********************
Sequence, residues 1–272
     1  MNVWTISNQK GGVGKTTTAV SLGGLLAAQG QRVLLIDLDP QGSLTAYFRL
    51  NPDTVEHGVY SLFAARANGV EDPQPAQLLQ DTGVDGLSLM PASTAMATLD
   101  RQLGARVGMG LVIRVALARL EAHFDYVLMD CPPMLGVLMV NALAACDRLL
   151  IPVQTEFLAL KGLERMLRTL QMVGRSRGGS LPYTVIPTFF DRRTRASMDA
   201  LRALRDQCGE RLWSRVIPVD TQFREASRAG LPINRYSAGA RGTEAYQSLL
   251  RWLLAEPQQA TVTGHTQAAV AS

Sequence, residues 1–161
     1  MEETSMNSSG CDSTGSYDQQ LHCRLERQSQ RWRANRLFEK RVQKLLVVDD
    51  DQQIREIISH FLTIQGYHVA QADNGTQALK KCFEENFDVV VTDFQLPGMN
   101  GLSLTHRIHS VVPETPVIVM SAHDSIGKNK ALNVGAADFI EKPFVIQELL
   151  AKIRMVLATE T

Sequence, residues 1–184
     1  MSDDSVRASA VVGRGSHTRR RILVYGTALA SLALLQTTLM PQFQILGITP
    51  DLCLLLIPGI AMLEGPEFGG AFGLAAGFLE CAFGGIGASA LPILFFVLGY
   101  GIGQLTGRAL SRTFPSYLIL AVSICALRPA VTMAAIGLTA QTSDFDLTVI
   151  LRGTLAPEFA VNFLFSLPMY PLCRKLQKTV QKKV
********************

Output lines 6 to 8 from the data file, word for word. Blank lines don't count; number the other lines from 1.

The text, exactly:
   201  LRALRDQCGE RLWSRVIPVD TQFREASRAG LPINRYSAGA RGTEAYQSLL
   251  RWLLAEPQQA TVTGHTQAAV AS

Sequence, residues 1–161